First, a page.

Price drop ruins hopes of stability in housing market
PROPERTY prices fell last month, dashing hopes that the market was close to stabilising.
The fall of 1.1pc in prices in June reversed a rise that was recorded in the previous month.
Prices are now down 50pc from the peak. And hopes that price falls were coming to an end in Dublin have taken a knock with a drop in house and apartment prices in the capital, according to the Central Statistics Office (CSO).
The latest falls indicate that the average home is now priced at €156,000, having collapsed to half of its value since the boom.
This country has suffered one of the worst house price collapses in the Western world.
And the figures for a fall of 50pc in house prices are an average -- rural parts of the country are seeing very few transactions with little demand for houses, while family type homes in parts of Dublin with good services are reported to be selling. In the 12-month period up to June prices fell by 14.4pc nationally, the CSO said.
Prices across the country had risen marginally in May, which was the first monthly rise since 2007.
Despite price rises in Dublin in March and May, the new figures show June prices fell 1pc.
House prices are down 56pc in the capital, with apartment prices having fallen 62pc since the peak. Residential property prices in the rest of Ireland are 47pc lower than the peak.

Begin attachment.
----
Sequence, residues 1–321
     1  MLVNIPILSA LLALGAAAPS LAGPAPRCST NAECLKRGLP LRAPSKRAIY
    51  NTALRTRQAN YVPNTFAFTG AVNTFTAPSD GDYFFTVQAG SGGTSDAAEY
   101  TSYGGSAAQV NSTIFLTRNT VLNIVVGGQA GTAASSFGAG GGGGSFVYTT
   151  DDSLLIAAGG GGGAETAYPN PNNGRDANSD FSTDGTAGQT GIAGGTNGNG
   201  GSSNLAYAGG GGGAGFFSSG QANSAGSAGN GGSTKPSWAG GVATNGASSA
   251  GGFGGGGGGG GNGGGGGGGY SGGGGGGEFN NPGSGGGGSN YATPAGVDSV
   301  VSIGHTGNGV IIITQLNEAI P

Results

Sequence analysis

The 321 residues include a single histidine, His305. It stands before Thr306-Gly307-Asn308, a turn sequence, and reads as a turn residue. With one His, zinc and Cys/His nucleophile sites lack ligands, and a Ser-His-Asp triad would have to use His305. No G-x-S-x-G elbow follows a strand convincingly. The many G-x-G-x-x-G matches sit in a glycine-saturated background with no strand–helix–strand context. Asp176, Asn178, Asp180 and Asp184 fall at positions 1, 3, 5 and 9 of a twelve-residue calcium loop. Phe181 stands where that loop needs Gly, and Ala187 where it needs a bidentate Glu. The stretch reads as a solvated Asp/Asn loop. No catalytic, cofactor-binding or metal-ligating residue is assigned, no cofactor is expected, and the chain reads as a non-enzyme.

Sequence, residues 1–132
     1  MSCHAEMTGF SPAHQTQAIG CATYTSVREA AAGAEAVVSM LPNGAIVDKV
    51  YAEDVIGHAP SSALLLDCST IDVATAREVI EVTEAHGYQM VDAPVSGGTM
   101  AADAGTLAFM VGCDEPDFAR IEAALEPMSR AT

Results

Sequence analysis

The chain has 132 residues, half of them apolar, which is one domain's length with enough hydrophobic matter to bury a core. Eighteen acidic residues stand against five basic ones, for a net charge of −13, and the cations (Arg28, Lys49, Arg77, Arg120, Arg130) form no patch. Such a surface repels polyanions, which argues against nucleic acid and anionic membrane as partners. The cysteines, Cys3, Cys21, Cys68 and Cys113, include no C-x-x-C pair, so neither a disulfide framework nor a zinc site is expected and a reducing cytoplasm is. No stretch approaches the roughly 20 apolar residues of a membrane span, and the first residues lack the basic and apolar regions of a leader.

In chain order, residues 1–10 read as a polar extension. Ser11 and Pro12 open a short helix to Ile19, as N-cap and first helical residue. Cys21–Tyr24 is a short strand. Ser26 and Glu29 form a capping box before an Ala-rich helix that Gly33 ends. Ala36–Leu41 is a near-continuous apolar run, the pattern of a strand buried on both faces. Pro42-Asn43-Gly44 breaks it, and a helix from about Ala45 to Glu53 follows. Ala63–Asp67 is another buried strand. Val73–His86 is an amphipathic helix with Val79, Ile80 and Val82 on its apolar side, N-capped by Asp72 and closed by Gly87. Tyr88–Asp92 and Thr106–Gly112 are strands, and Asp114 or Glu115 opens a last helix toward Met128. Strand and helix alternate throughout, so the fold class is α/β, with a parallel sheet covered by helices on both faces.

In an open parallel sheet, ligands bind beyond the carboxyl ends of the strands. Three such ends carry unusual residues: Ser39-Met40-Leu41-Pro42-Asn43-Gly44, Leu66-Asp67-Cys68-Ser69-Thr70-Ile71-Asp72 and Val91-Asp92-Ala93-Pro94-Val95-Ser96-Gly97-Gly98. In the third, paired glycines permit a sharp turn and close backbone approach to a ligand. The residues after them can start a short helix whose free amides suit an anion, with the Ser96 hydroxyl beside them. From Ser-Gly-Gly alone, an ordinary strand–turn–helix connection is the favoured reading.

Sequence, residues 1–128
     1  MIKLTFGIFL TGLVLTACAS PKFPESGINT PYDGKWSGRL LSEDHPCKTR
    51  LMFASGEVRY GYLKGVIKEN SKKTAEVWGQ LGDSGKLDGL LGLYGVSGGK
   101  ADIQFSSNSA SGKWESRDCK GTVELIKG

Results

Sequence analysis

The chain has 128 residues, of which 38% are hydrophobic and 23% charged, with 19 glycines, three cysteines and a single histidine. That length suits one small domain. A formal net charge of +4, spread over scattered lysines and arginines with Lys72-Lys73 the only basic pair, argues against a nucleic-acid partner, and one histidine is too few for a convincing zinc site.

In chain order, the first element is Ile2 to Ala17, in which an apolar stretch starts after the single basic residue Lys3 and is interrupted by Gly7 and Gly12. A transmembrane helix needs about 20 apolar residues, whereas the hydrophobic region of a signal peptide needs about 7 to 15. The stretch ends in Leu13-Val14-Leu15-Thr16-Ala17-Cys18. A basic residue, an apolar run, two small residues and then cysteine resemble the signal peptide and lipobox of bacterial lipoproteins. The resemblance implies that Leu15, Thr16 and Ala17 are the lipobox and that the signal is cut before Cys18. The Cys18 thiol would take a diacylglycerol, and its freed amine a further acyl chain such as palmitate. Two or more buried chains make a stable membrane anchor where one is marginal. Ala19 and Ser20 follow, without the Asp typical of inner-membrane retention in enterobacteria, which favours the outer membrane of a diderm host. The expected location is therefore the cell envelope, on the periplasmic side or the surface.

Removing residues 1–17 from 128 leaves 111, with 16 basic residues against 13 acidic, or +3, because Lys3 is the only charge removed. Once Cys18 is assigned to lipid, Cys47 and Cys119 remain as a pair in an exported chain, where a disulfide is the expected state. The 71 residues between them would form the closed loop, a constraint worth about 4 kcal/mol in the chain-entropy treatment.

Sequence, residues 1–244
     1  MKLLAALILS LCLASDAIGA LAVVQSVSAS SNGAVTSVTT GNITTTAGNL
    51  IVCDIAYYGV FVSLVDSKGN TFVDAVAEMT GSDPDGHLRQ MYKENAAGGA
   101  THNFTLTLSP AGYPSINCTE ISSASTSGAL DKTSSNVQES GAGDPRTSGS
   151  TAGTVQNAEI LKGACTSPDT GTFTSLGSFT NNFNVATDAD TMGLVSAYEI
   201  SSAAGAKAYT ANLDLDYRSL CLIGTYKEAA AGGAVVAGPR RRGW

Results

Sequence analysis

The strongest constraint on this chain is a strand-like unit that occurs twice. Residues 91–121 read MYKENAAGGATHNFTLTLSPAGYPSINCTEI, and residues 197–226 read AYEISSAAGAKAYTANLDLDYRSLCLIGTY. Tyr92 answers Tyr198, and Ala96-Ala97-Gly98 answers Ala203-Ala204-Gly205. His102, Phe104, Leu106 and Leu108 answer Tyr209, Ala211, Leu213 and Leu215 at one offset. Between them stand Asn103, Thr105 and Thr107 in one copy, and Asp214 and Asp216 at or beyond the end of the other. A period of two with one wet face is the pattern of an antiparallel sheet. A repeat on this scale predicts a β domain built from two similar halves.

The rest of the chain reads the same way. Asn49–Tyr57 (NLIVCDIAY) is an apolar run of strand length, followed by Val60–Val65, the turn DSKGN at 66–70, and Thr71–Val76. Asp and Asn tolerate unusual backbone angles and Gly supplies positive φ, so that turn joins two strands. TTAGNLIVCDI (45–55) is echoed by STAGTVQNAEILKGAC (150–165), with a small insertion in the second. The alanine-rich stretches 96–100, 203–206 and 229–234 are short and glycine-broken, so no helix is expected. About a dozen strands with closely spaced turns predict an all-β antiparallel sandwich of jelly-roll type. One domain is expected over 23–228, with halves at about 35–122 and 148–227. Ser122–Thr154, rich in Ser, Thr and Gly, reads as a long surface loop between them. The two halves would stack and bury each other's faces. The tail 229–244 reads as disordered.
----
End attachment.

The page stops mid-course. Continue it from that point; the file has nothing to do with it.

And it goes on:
Calculations based on the CSO figures indicate that the average property in Dublin is now about €185,000, a loss of €246,000 from the peak.
Outside Dublin, the average property is selling for €142,000, down from €268,000 in 2007.
The CSO percentage figures do not take account of cash sales, which account for up to a third of property transactions, according to housing experts.
The Central Bank and the Economic and Social Research Institute (ESRI) indicated recently that the housing market may be close to the bottom.
Economist with Merrion Stockbrokers Alan McQuaid said house prices were likely to keep falling as the jobless rate was now close to 15pc. "We don't see a major improvement in the housing market until there is clear evidence that the jobless rate has peaked and is on a downward trend.
"However, the annual rates of decline in house prices should continue to ease in the coming months," he said.
But Marian Finnegan, chief economist with estate agents Sherry FitzGerald, said they were seeing signs of stability within the capital.